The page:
Other risk factors that increase your chances of developing bipolar disorder in general include:

  • childhood trauma
  • occurrence of bipolar disorder in a first-degree relative
  • major life changes or extreme stress
  • substance misuse
  • the presence of another mental health condition

It might not be possible to completely prevent postpartum bipolar disorder, but you may be able to reduce your individual risk by:

  • going over your risk factors with your doctor
  • participating in preconception counseling and counseling during pregnancy
  • keeping up with your current bipolar disorder treatments and medications
  • visiting a doctor regularly to monitor your mental and physical health
  • having a support system in place for after birth to help ease your stress load
  • starting beneficial lifestyle changes before pregnancy

Bipolar disorder is a chronic, lifelong condition, regardless of when symptoms first emerge. But with treatment and effective management strategies, you can experience periods of remission — weeks, months, or even years when you’re fully or partially free of symptoms.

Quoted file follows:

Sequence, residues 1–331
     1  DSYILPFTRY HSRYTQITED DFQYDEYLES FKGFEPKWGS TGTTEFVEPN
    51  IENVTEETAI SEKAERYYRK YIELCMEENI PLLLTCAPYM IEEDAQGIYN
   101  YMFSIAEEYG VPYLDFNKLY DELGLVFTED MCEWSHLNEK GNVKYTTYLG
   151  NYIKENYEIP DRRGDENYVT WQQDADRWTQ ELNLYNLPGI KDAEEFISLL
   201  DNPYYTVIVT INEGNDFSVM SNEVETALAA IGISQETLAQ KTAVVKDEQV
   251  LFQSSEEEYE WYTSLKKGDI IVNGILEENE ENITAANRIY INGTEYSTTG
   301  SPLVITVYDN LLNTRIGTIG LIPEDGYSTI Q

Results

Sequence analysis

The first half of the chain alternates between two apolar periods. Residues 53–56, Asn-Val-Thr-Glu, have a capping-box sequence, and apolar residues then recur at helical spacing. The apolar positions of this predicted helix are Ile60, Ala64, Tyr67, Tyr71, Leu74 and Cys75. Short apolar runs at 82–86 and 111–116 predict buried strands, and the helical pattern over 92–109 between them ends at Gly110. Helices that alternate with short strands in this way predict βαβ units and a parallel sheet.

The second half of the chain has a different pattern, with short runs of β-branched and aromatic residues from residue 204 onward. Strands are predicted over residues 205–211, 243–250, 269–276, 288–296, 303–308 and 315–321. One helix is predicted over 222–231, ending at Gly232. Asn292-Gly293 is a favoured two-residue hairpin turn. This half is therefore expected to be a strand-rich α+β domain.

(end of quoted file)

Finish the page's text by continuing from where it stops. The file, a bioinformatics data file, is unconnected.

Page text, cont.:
Overall, bipolar disorder is considered a highly recurrent condition, although estimates of the recurrence rate vary.

One 2023 study involving 2,649 people with bipolar disorder in the United Kingdom found that 25% of the participants had a relapse of symptoms in a 5-year period. Older studies cited in a 2017 review suggested that up to 75% of people experience a relapse within 5 years and that 90% may experience one in their lifetime.